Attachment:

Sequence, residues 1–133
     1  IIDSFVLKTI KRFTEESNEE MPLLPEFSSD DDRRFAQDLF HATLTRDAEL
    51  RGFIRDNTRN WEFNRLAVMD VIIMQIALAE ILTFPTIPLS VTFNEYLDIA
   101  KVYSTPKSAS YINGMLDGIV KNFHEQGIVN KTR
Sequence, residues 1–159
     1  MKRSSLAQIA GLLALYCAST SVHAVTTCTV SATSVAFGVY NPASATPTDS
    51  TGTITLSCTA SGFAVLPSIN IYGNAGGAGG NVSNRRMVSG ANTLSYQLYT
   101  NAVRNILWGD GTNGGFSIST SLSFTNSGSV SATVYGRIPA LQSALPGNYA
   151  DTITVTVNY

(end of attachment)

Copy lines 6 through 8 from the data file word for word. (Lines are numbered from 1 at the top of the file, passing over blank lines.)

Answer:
     1  MKRSSLAQIA GLLALYCAST SVHAVTTCTV SATSVAFGVY NPASATPTDS
    51  TGTITLSCTA SGFAVLPSIN IYGNAGGAGG NVSNRRMVSG ANTLSYQLYT
   101  NAVRNILWGD GTNGGFSIST SLSFTNSGSV SATVYGRIPA LQSALPGNYA